I posted some time ago here a video about composing without thinking keys or chord and scale relations (Keyless-thinking). After posting that lesson to Finnish forum I was told that for example Barney Kessel and Rauol Björkenheim are used to practise blindfolded. It sounded interesting So I decided to try this method too. Like in ”Keyless Thinking” also in this experiment I tried to find new ways to dig deeper into my musical self. In this example everything was improvised eyes wide shut. Here are some thoughts that this method brought to my mind.
1. After I was more used to the idea of playing blindfolded I really felt that I could concentrate more in making actual music. There was no visual distraction from surroundings and also from fingers and guitar. In some parts I forgot guitar and fretboard and ”saw” just darkness or random pictures.
2. At first I was afraid of mistakes that occurs in fret position changes. But after a while I felt more comfortable about it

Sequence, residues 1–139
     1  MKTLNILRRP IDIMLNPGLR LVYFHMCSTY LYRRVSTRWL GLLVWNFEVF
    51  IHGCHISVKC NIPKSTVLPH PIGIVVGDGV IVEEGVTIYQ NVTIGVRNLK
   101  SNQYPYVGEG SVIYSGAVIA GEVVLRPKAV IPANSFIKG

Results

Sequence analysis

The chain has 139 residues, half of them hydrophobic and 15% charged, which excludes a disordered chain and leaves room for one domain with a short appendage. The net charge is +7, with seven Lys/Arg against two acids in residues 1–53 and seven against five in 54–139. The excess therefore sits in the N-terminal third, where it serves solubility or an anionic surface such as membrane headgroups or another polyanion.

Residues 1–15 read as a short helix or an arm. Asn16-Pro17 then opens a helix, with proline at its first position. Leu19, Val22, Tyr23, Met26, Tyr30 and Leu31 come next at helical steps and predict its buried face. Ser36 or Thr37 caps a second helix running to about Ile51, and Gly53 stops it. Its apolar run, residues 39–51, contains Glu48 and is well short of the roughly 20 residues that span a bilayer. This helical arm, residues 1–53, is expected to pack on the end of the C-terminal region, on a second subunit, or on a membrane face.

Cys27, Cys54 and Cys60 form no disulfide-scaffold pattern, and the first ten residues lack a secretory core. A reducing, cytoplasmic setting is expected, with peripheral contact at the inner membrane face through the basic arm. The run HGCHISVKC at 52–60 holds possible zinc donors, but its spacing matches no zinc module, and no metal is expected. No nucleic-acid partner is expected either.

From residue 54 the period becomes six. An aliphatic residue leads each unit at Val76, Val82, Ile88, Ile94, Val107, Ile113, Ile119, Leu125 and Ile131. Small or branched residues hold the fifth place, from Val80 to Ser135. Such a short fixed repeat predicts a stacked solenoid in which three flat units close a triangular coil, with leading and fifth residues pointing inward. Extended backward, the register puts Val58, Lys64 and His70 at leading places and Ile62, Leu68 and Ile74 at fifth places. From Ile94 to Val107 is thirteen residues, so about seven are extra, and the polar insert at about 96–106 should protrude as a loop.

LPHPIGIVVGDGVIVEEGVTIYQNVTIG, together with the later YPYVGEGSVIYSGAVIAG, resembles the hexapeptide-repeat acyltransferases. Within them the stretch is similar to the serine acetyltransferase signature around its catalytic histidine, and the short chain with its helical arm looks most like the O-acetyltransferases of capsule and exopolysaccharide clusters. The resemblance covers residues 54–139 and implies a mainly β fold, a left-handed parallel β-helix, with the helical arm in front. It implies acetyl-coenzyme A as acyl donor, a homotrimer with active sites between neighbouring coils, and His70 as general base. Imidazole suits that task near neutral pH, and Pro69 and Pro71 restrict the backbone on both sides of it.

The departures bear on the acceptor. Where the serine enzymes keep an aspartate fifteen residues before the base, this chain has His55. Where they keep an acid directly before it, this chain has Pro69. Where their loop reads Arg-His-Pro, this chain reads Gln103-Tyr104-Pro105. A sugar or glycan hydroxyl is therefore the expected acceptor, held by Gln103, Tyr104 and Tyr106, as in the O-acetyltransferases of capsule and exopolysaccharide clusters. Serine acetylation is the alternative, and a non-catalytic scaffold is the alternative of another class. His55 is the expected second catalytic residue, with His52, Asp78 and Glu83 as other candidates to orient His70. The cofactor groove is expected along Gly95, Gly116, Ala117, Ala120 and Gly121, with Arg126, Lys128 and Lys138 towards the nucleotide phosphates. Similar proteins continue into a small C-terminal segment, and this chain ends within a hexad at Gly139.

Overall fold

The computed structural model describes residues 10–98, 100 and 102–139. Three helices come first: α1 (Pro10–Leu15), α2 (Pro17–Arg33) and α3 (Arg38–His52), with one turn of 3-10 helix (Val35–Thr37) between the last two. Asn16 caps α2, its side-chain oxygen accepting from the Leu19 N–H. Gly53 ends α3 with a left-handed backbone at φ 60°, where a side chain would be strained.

3. It was very interesting to see my self from video after playing. Normally I stay still and concentrate a lot in watching my fingers while playing. Now when it was impossible I seemed to be moving a lot with the music. It was suprising to me. It seems that I delved into a more comprehensive creating music. Also this time it might be that I didn’t pay so much attention how things look to outside. I have read that moving while playing activates the body’s muscles and that way prevent injuries. I think that it might also help playing to be more natural and attached to different musical expressions.
My conclusion from this experimentation is that I might loose some of the most bravest jumps on fretboard but connection between my guitar and my musical thinking with this method is more closer and honest. So maybe I will continue with this.
Do you have experiences with this method?
Intermediate level for improvising in all genres, but can be seen as an introductory lesson to improvising jazz. This lesson deals with playing, but also with understanding basic concepts and also the language used amongst professionals, namely, seeing scales as extensions. I've always wanted to do this lesson series since I don't see a lot of introduction to jazz improvisation (applicable to rock as well) that is friendly and relatable to blues players.
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